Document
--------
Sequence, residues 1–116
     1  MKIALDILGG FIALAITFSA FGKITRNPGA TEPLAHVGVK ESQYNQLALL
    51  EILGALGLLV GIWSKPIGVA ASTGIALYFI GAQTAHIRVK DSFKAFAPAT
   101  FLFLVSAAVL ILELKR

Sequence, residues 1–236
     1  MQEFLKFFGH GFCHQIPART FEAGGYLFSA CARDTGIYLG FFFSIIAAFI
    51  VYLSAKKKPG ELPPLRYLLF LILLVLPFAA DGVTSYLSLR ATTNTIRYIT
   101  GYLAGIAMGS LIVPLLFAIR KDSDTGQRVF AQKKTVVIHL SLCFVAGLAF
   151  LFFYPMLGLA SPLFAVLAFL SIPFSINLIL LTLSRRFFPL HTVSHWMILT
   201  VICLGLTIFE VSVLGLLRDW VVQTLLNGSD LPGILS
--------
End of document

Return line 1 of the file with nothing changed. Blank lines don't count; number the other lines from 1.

Sequence, residues 1–116